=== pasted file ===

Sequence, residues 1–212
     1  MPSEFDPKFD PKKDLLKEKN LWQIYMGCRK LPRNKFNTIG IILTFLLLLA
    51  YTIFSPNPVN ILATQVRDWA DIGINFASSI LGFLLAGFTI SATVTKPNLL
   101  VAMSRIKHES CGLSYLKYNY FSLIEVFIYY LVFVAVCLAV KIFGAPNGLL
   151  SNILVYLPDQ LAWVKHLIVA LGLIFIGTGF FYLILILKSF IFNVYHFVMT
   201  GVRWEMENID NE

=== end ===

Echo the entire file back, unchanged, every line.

Sequence, residues 1–212
     1  MPSEFDPKFD PKKDLLKEKN LWQIYMGCRK LPRNKFNTIG IILTFLLLLA
    51  YTIFSPNPVN ILATQVRDWA DIGINFASSI LGFLLAGFTI SATVTKPNLL
   101  VAMSRIKHES CGLSYLKYNY FSLIEVFIYY LVFVAVCLAV KIFGAPNGLL
   151  SNILVYLPDQ LAWVKHLIVA LGLIFIGTGF FYLILILKSF IFNVYHFVMT
   201  GVRWEMENID NE